Facebook’s increasing dominance, long reach, and widening ambition have a lot of people worried, including the creator of the World Wide Web. Sir Tim Berners-Lee recently warned that the Web may be endangered by Facebook’s colossal walled gardenA closed network or single set of services controlled by one dominant firm..J. Evans, “Can Anything Stop the Facebook Juggernaut?” TechCrunch, November 25, 2010. The fear is that if increasingly large parts of the Web reside inside a single (and for the most part closed) service, innovation, competition, and exchange may suffer.
The Facebook cloudA collection of resources available for access over the Internet. (the big group of connected servers that power the site) is scattered across multiple facilities, including server farms in San Francisco, Santa Clara, northern Virginia, Oregon, and North Carolina.A. Zeichick, “How Facebook Works,” Technology Review, July/August 2008; J. Packzkowski, “Superpoke! Facebook Chooses N.C. for $450M Data Center,” AllThingsD, November 11, 2010: T. Simonite, “Facebook Opens Up Its Hardware Secrets,” Technology Review, April 7, 2011. The innards that make up the bulk of the system aren’t that different from what you’d find on a high-end commodity workstation. Standard hard drives and multicore Intel or AMD processors—just a whole lot of them lashed together through networking and software.
Much of what powers the site is open source software (OSS)Software that is free and whose code can be accessed and potentially modified by anyone.. The service runs on the Linux operating system and Apache web server software. A good portion of Facebook is written in PHP (a scripting language particularly well-suited for Web site development), while the databases are in MySQL (a popular open source database). Facebook also developed Cassandra, a non-SQL database project for large-scale systems that the firm has since turned over to the open source Apache Software Foundation. The object cache that holds Facebook’s frequently accessed objects is in chip-based RAM instead of on slower hard drives and is managed via an open source product called Memcache.
Other code components are written in a variety of languages, including C++, Java, Python, and Ruby, with access between these components managed by a code layer the firm calls Thrift (developed at Facebook, which was also turned over to the Apache Software Foundation). Facebook also developed its own media serving solution, called Haystack. Haystack coughs up photos 50 percent faster than more expensive, proprietary solutions, and since it’s done in-house, it saves Facebook costs that other online outlets spend on third-party content delivery networks (CDN)Systems distributed throughout the Internet (or other network) that help to improve the delivery (and hence loading) speeds of Web pages and other media, typically by spreading access across multiple sites located closer to users. Akamai is the largest CDN, helping firms like CNN and MTV quickly deliver photos, video, and other media worldwide. like Akamai. Facebook receives some fifty million requests per second,S. Gaudin, “Facebook Rolls Out Storage System to Wrangle Massive Photo Stores,” Computerworld, April 1, 2009, http://www.computerworld.com/s/article/9130959/Facebook_rolls_out_storage_system_to_wrangle_massive_photo_stores. yet 95 percent of data queries can be served from a huge, distributed server cache that lives in over fifteen terabytes of RAM (objects like video and photos are stored on hard drives).A. Zeichick, “How Facebook Works,” Technology Review, July/August 2008.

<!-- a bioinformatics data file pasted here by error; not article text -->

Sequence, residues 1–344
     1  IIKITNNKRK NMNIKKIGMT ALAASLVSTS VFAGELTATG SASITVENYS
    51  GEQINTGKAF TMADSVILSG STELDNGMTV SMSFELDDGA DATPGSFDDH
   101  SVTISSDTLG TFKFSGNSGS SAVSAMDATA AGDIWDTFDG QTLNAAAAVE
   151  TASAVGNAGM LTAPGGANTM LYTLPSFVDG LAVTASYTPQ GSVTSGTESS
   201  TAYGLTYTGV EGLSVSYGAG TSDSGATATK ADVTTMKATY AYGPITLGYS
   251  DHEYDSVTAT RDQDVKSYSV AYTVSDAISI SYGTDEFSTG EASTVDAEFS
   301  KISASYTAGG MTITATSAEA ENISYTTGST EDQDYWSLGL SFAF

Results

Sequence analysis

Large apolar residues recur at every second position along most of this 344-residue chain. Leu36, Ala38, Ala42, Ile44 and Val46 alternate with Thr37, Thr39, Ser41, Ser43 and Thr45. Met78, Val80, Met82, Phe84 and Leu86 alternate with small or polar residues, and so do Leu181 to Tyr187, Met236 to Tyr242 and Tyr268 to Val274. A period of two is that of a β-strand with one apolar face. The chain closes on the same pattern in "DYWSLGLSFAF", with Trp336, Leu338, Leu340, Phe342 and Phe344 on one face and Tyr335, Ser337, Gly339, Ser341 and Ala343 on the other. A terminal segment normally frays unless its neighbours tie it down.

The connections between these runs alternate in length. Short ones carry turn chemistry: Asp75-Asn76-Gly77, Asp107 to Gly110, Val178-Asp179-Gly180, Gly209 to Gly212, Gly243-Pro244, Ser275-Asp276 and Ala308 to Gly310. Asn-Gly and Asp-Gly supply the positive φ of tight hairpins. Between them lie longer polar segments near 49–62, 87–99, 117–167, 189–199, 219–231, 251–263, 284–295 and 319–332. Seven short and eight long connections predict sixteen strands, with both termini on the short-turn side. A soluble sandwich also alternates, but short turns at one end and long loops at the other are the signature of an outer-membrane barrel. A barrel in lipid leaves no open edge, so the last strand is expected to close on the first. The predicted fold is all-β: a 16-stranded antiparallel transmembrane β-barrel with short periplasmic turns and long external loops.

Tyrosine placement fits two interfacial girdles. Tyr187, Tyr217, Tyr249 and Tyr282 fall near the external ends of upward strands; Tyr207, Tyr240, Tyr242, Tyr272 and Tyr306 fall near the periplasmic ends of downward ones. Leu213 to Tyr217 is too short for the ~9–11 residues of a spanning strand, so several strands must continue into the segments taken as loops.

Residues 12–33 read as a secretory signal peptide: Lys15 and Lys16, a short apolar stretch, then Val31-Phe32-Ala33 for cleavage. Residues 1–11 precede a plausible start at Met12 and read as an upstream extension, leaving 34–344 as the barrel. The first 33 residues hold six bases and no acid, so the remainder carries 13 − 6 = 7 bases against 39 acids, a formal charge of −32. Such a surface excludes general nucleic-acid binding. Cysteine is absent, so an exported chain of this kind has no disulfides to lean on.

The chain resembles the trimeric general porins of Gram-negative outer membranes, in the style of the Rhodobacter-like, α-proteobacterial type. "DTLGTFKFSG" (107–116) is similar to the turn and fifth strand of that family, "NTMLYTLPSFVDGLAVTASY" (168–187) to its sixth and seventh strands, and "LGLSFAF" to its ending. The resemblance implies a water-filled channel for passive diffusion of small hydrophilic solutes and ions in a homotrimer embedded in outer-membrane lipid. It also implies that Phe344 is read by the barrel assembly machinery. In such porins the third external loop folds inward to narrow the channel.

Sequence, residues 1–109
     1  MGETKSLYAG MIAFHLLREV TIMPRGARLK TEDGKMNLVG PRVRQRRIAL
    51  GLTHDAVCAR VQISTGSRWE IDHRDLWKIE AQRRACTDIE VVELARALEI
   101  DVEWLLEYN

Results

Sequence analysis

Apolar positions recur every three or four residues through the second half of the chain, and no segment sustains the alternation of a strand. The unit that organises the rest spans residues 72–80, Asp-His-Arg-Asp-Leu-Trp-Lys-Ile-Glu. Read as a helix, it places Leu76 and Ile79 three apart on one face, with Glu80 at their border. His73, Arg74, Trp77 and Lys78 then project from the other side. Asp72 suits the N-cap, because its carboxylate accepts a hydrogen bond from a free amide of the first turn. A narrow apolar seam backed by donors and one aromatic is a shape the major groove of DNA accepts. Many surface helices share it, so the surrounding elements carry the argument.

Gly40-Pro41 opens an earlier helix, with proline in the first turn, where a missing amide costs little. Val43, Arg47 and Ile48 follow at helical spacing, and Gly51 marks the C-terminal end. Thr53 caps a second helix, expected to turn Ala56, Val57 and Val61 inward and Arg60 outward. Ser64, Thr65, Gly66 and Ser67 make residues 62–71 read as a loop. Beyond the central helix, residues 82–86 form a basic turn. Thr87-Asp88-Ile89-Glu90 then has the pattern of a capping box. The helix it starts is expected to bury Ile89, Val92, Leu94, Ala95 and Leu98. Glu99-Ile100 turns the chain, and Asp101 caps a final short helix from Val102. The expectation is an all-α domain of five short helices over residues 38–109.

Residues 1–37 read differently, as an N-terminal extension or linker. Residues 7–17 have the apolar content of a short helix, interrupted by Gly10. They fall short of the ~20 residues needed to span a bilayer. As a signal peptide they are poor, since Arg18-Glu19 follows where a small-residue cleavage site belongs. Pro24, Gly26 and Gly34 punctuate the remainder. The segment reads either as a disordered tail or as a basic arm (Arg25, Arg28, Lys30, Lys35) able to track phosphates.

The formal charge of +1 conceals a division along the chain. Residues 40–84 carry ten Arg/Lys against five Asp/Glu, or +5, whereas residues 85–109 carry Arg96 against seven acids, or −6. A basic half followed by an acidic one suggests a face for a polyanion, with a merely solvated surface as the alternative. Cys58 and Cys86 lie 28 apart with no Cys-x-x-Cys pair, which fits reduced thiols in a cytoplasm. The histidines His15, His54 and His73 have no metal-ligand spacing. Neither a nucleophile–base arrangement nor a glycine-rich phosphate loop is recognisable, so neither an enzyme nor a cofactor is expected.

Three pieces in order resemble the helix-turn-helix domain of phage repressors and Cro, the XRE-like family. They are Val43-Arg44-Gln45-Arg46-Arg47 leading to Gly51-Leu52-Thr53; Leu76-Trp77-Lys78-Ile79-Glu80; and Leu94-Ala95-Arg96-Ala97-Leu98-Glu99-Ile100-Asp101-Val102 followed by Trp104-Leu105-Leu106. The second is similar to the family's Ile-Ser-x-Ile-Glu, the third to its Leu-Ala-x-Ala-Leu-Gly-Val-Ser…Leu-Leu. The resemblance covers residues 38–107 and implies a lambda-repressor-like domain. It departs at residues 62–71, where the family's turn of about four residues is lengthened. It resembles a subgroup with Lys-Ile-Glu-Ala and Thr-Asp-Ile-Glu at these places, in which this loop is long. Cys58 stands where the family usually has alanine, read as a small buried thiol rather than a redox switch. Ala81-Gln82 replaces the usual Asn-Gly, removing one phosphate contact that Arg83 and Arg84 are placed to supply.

All this technology is expensive, and a big chunk of the capital that Facebook has raised from investors has been targeted at expanding the firm’s server network to keep up with the crush of growth. This includes one $100 million investment round “used entirely for servers.”S. Ante, “Facebook: Friends with Money,” BusinessWeek, May 9, 2008. Facebook will be buying servers by the thousands for years to come. And it’ll pay a pretty penny just to keep things humming. Estimates suggest the firm spends one million dollars a month on electricity, another half million a month on telecommunications bandwidth, and at least fifteen million dollars a year in office and data center rental payments.A. Arrington, “Facebook Completes Rollout of Haystack to Stem Losses from Massive Photo Uploads,” TechCrunch, April 6, 2009.
Want to build your own server farm like Facebook? The firm will tell you how to do it. In an unprecedented move that coincided with the opening of its Prineville, Oregon, facility, Facebook made public the detailed specifications of its homegrown servers (including custom power supplies, chassis, and battery backup), plus plans used in the Prineville site’s building design and electrical and cooling systems. You can find details, photos, and video at opencompute.org. Facebook claims its redesigned servers are 38 percent more efficient and 24 percent cheaper than those sold by major manufacturers. Why give away the low-cost secrets? Says the firm’s director of hardware, “Facebook is successful because of the great social product, not [because] we can build low-cost infrastructure. There’s no reason we shouldn’t help others out with this.”T. Simonite, “Facebook Opens Up Its Hardware Secrets,” Technology Review, April 7, 2011. One of the firms considering using Facebook designs is Zynga, a firm that itself pays Facebook millions a month in advertising and for using the Facebook Credits payments system. Sharing will be good for Facebook if a more efficient Zynga grows faster and returns more money back to its partner along the way.